If there was one thing the United States might have learned in a decade of war is that military might alone cannot compensate for lack of knowledge about people and conditions on the ground. That was true in Afghanistan and Iraq, and may also turn out to be the case in Libya.
Pakistan: Now or Never?
According to the New York Times, Raymond Davis, the CIA contractor arrested in Pakistan for shooting dead two Pakistanis in what he says was an act of self-defence, was working with a CIA team monitoring the Lashkar-e-Taiba militant group.
According to Steve Coll in the New Yorker, the United States has begun its first direct talks with the Taliban to see whether it is possible to reach a political settlement to the Afghan war. He writes that after the Sept. 11 2001 attacks on New York and Washington the United States rejected direct talks with Taliban leaders, on the grounds that they were as much to blame for terrorism as Al Qaeda. However, last year, he says, a small number of officials in the Obama administration—among them the late Richard Holbrooke, the special representative for Afghanistan and Pakistan—argued that it was time to try talking to the Taliban again.
The Afghan Taliban would be ready to break with al Qaeda in order to reach a negotiated settlement to the Afghan war, and to ensure Afghanistan is not used as a base for international terrorism, according to a report by Kandahar-based researchers Alex Strick van Linschoten and Felix Kuehn, released by New York University.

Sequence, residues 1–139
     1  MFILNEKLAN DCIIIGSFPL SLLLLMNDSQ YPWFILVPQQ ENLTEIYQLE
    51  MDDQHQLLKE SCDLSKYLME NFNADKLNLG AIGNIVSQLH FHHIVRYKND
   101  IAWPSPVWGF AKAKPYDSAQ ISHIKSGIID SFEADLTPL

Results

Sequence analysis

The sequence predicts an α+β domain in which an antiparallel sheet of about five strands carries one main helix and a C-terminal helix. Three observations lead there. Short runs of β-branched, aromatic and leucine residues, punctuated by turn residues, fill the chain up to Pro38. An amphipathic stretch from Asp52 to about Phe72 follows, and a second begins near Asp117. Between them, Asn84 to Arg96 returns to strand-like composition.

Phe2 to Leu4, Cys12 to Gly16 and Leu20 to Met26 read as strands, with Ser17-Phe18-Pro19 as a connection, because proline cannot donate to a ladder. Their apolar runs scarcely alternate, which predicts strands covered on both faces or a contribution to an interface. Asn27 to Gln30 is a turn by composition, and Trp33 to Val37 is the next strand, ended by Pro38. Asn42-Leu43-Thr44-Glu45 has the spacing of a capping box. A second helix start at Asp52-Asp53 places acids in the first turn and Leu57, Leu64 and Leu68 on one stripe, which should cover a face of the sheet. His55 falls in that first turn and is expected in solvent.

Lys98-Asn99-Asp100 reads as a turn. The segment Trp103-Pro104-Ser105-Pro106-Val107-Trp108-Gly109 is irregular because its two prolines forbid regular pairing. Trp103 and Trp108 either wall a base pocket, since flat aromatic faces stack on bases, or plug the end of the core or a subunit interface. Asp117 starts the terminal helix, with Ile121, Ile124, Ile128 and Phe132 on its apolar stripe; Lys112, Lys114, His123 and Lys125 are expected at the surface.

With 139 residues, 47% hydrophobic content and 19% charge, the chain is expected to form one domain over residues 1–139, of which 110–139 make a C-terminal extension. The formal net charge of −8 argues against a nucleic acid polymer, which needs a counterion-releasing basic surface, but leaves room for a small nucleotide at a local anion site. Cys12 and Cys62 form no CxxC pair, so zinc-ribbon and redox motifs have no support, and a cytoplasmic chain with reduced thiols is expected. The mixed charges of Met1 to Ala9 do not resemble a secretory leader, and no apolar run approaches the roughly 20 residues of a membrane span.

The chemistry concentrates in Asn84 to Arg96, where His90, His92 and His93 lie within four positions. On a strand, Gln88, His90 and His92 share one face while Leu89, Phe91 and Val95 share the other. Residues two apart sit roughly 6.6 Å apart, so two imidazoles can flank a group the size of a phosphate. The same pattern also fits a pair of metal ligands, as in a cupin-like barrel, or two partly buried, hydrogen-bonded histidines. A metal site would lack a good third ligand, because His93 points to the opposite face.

U.S. pressure on Pakistan has always led to deep resentment within the Pakistan Army, which has taken heavy casualties of its own fighting Pakistani Taliban militants on its side of the border with Afghanistan. But there are signs that this resentment is now spiralling in dangerously unpredictable ways.
Pakistan is increasingly talking up the need for a political settlement in Afghanistan which would force al Qaeda to leave the region. And while there is little sign yet Washington is ready to hold serious negotiations with Afghan insurgents, analysts detect a new tone in Pakistani comments about driving Osama bin Laden’s organization out of its haven on the Pakistan border.
The question of whether the links between the Afghan Taliban and al Qaeda can be broken has been discussed at length over the past year or so, and will be a major factor in any eventual peace settlement with insurgents in Afghanistan.
The Council on Foreign Relations has just released a new report on U.S. policy on Afghanistan and Pakistan based on a study by a bipartisan group chaired by former Deputy Secretary of State Richard Armitage and former national security adviser Sandy Berger and directed by CFR senior fellow Daniel Markey.